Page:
You know those stages of moral development you learn about in Psych 101? – Kohlberg, I think, is the name of one of their theorists. The idea is that each stage of development more aptly responds to moral dilemmas (read: works better for facing such things) than the stage that precedes it. And that each stage is a natural and necessary step along the path to the next one.
I’m wondering whether there might be identifiable stages in trust development as well, and whether it could be life-transformingly helpful to name them and situate ourselves among them in the various situations where we face fear. Something about honoring where we’re at while simultaneously recognizing that more effective ways of dealing with fear lie further on is both hopeful and comforting to me. It’s like wind at my back, taking me more quickly down the road toward trust than I’d otherwise naturally move.
I haven’t thought enough about this idea to offer a theory (yet!), but I want to try a test case with the mere idea of it.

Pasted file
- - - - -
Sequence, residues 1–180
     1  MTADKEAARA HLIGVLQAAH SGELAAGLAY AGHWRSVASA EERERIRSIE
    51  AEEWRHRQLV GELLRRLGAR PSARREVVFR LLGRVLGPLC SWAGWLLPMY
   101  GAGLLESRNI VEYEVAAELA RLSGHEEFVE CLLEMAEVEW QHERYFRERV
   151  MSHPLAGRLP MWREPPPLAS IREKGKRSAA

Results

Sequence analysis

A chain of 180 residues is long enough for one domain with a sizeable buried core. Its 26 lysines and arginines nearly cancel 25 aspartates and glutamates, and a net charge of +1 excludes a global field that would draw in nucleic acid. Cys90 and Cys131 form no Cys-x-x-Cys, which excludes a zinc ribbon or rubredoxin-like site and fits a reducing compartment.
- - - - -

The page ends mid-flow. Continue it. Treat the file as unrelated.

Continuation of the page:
I’m wondering whether fear of failure – which is so ubiquitous when starting or dreaming about something new – could be an arena where trust could grow this way:
- Fears of failure shift from being subconscious to conscious.
- Definitions of what failure means shift from being broad and encompassing to being much more narrowly focused.
- Failure becomes an antiquated label and a concept that, for lack of accuracy and usefulness, falls out of use altogether.
I personally oscillate between stage one and two most of the time.
So what if, according to this model, this definition of failure:
Could helpfully shift into this definition of failure*:
And eventually become something more like this:
What if, in the new things we start or dream about doing, we look around at the first definition above, thank it for being a step along the way, and then continue on our way toward greater trust?